25
Jan 10

Seeing Double – the “Wow Factor”

If you managed to find the two double stars we talked about in an earlier post, here are a couple of double stars a little more difficult to locate, but with some “wow” factor.

Among the best of all double stars and relatively easy to find is the last star of the string of bright stars that helps make the constellation of Andromeda. The second magnitude star, Gamma (γ)Andromeda (Almach), is stunning through a telescope, even a small instrument showing a superb pair separated by a good 10 seconds of arc.

Another relatively easy to find is Eta Cassiopeia, this double has a nice contrast with stars having yellow and orange colours.


If you would like to learn more about double stars, take a look here: http://en.wikipedia.org/wiki/Double_star/wiki/Double_star

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25
Jan 10

Seeing Double – the “Wow Factor”

If you managed to find the two double stars we talked about in an earlier post, here are a couple of double stars a little more difficult to locate, but with some “wow” factor.

Among the best of all double stars and relatively easy to find is the last star of the string of bright stars that helps make the constellation of Andromeda. The second magnitude star, Gamma (γ)Andromeda (Almach), is stunning through a telescope, even a small instrument showing a superb pair separated by a good 10 seconds of arc.

Another relatively easy to find is Eta Cassiopeia, this double has a nice contrast with stars having yellow and orange colours.


If you would like to learn more about double stars, take a look here: http://en.wikipedia.org/wiki/Double_star/wiki/Double_star

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25
Jan 10

WISE discovers its first asteroid

Source: NASA/JPL


The red dot at the center of this image is the first near-Earth asteroid
discovered by NASA's Wide-Field Infrared Survey Explorer, or WISE.
Credit: NASA/JPL-Caltech/UCLA.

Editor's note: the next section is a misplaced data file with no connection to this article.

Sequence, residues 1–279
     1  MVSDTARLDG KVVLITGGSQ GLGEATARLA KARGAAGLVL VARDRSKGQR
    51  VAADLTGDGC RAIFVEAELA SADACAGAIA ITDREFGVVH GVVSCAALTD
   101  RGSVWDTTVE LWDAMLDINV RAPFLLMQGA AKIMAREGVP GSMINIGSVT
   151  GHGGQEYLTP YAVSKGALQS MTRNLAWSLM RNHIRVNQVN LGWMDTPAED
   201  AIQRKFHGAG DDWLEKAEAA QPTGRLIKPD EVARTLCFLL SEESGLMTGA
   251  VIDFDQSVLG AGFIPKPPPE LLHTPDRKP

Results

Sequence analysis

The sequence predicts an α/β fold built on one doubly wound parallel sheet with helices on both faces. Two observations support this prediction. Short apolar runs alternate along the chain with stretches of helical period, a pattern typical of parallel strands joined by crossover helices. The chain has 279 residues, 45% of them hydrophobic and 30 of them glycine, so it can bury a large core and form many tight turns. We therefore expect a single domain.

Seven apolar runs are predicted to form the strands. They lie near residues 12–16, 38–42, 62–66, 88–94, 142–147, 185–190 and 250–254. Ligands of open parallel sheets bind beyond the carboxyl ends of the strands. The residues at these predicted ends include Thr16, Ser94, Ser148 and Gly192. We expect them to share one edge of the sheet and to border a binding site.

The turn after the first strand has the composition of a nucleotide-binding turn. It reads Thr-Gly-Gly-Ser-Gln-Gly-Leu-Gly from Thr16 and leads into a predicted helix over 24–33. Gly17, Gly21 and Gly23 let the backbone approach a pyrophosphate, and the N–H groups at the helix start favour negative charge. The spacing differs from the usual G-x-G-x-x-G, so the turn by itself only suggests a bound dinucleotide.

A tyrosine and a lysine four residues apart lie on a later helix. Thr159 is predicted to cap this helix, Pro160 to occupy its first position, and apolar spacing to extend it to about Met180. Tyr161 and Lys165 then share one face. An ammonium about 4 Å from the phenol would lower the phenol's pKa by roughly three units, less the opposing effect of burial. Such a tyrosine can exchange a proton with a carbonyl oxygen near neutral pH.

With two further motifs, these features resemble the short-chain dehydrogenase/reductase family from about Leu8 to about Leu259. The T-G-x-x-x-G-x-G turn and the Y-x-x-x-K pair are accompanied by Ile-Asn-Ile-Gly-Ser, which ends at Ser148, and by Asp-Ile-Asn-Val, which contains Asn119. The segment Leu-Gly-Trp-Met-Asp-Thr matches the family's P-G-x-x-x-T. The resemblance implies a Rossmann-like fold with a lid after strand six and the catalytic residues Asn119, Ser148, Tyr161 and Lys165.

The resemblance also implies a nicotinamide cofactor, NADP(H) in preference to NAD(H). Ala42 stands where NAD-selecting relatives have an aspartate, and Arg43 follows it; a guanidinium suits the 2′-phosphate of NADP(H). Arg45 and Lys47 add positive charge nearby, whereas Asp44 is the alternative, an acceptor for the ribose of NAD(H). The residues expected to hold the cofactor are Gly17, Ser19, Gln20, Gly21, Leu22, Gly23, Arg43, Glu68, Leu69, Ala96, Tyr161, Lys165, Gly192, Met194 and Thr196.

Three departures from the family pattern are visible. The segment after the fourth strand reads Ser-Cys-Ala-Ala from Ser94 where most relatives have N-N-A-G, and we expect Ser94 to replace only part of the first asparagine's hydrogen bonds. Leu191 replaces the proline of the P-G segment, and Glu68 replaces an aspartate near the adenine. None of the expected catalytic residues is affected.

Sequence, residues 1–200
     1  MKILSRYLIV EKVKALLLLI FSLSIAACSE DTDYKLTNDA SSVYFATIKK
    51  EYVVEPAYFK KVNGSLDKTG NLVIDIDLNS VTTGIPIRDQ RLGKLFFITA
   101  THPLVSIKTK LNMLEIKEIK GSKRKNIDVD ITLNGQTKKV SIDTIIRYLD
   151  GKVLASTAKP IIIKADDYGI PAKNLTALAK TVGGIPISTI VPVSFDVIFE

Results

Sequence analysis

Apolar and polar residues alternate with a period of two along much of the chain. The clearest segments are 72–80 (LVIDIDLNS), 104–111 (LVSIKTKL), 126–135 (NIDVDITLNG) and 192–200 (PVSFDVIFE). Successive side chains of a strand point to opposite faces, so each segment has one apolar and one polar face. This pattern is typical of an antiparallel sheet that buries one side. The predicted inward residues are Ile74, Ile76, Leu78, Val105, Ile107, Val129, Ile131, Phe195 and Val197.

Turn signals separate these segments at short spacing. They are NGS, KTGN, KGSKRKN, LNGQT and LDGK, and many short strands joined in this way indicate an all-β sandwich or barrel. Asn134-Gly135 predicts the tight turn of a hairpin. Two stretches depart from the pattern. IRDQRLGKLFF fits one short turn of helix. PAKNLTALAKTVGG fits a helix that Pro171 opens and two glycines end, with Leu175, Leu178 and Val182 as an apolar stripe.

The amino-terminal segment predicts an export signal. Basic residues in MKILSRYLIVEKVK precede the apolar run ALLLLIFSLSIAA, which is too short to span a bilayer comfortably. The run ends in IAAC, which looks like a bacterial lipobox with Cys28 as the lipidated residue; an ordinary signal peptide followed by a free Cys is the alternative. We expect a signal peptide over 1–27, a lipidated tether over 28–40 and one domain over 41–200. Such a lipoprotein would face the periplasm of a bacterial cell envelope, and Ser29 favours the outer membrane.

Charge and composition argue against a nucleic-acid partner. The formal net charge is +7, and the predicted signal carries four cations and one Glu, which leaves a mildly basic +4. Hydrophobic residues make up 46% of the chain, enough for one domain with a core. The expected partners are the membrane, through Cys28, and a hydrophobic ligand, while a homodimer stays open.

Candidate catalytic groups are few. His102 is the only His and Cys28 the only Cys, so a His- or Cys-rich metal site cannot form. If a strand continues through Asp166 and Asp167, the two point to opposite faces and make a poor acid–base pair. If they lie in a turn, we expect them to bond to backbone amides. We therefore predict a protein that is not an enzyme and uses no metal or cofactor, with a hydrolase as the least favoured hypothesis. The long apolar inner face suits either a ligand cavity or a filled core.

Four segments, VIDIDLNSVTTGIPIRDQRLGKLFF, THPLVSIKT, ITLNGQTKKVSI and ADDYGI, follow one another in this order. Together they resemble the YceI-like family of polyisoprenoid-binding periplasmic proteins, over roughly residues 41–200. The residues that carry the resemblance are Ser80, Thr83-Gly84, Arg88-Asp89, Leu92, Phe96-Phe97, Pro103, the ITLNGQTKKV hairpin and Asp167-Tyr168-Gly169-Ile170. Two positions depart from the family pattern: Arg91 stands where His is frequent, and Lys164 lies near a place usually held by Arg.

NASA's Wide-field Infrared Survey Explorer, or WISE, has spotted its first never-before-seen near-Earth asteroid, the first of hundreds it is expected to find during its mission to map the whole sky in infrared light.

The near-Earth object, designated 2010 AB78, was discovered by WISE Jan. 12. After the mission's sophisticated software picked out the moving object against a background of stationary stars, researchers followed up and confirmed the discovery with the University of Hawaii's 2.2-meter (88-inch) visible-light telescope near the summit of Mauna Kea. (read more)

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25
Jan 10

Solar Dynamics Observatory ready to launch

Source: NASA/SDO


Artist's impression about the SDO. Credit: NASA/SDO.

The Solar Dynamics Observatory (SDO) is ready to launch! The mission will be launced on February 9th, 2010, from  Goddard Space Flight Center.  SDO will ride a rocket into orbit and begin a new era in Heliophysics, the study of our sun and its effects on Earth and the solar system.

SDO is the first mission to be launched for NASA's Living With a Star (LWS) Program, a program designed to understand the causes of solar variability and its impacts on Earth. SDO is designed to help us understand the Sun's influence on Earth and Near-Earth space by studying the solar atmosphere on small scales of space and time and in many wavelengths simultaneously.

SDO will help us to understand the how and why of the Sun's magnetic changes. It will determine how the magnetic field is generated and structured, and how the stored magnetic energy is released into the heliosphere and geospace. SDO data and analysis will also help us develop the ability to predict the solar variations that influence life on Earth and humanity's technological systems.

SDO will measure the properties of the Sun and solar activity.  (read more)

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